New data show that as dermal fibroblasts grow old, they increase their secretion of the WNT antagonist sFRP2 to drive melanoma cell metastasis. sFRP2 suppresses β-catenin and MITF signaling in melanoma cells, downregulating the redox regulator APE1, making melanoma cells more sensitive to oxidative stress and driving resistance to BRAF inhibitors. Thus, the aging microenvironment in elderly patient skin activates a signaling pathway that drives more aggressive melanoma cell behavior. Cancer Discov; 6(6); 581-3. ©2016 AACR.
Skin fibrosis. Identification and isolation of a dermal lineage with intrinsic fibrogenic potential.
Rinkevich Yuval,Walmsley Graham G,Hu Michael S,Maan Zeshaan N,Newman Aaron M,Drukker Micha,Januszyk Michael,Krampitz Geoffrey W,Gurtner Geoffrey C,Lorenz H Peter,Weissman Irving L,Longaker Michael T
Science (New York, N.Y.)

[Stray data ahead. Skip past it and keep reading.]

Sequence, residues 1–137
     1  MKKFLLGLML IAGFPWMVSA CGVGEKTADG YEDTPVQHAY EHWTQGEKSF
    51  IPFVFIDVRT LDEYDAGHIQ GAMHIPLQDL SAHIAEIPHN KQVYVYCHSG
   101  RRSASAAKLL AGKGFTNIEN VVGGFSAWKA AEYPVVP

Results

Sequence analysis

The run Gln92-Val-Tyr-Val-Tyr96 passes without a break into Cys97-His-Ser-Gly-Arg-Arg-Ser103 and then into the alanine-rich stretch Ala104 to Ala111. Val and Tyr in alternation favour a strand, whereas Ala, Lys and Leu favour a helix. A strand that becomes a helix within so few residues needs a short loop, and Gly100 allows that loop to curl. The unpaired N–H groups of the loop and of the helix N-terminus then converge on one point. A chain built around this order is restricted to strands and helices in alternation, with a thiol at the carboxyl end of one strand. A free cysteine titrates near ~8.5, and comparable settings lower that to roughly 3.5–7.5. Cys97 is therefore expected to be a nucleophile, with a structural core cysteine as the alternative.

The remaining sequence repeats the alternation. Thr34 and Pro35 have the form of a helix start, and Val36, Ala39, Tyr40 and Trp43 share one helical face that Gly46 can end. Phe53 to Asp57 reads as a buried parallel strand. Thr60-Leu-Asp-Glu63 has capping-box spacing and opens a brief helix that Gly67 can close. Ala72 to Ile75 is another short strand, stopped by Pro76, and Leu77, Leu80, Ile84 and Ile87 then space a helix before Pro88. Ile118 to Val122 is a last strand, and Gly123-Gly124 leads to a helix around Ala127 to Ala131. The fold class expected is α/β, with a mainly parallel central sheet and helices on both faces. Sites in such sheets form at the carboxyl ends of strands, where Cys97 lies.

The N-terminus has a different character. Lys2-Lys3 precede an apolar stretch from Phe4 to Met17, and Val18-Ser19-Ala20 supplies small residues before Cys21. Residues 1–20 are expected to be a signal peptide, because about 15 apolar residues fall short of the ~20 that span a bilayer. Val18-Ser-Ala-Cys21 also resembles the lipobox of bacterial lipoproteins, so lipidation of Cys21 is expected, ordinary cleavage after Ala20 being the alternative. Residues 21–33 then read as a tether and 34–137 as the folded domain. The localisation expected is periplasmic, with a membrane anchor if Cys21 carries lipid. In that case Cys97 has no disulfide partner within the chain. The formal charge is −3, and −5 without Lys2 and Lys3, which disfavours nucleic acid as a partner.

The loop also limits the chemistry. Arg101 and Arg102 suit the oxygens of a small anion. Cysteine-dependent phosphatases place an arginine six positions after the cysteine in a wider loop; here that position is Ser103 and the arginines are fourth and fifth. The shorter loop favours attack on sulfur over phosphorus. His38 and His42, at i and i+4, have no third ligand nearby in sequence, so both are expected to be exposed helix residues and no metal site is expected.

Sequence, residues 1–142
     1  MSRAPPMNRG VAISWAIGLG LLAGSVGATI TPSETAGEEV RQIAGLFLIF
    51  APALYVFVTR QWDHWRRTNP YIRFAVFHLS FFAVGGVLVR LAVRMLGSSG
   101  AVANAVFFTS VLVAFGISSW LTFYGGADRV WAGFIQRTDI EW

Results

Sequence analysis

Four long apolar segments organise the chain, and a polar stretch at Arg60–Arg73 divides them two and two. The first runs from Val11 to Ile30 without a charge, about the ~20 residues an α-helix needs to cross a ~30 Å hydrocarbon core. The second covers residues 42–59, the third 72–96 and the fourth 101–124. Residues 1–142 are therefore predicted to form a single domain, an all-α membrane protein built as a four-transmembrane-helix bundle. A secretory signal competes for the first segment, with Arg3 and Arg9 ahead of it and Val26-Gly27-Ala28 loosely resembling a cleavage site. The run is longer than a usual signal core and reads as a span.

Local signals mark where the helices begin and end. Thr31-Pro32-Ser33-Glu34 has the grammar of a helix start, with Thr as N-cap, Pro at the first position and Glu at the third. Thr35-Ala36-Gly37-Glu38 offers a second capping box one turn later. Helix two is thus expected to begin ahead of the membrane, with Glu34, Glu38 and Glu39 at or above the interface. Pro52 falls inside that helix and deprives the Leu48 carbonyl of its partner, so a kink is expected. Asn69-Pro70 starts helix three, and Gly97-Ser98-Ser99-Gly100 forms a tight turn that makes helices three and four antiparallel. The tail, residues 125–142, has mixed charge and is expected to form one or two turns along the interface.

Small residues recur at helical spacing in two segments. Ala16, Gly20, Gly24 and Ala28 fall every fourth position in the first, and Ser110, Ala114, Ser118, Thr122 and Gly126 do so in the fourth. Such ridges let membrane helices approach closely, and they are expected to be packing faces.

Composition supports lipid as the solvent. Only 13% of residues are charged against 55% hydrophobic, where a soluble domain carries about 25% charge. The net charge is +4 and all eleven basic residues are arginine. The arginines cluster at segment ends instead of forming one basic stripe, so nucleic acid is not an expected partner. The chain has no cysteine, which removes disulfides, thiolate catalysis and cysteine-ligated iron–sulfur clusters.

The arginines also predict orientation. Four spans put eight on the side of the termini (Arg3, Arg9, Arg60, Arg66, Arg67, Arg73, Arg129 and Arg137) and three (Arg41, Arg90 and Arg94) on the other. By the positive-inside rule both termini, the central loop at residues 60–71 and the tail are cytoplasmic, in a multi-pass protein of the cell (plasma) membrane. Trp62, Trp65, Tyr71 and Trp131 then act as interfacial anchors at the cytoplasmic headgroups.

Dermal fibroblasts represent a heterogeneous population of cells with diverse features that remain largely undefined. We reveal the presence of at least two fibroblast lineages in murine dorsal skin. Lineage tracing and transplantation assays demonstrate that a single fibroblast lineage is responsible for the bulk of connective tissue deposition during embryonic development, cutaneous wound healing, radiation fibrosis, and cancer stroma formation. Lineage-specific cell ablation leads to diminished connective tissue deposition in wounds and reduces melanoma growth. Using flow cytometry, we identify CD26/DPP4 as a surface marker that allows isolation of this lineage. Small molecule-based inhibition of CD26/DPP4 enzymatic activity during wound healing results in diminished cutaneous scarring. Identification and isolation of these lineages hold promise for translational medicine aimed at in vivo modulation of fibrogenic behavior.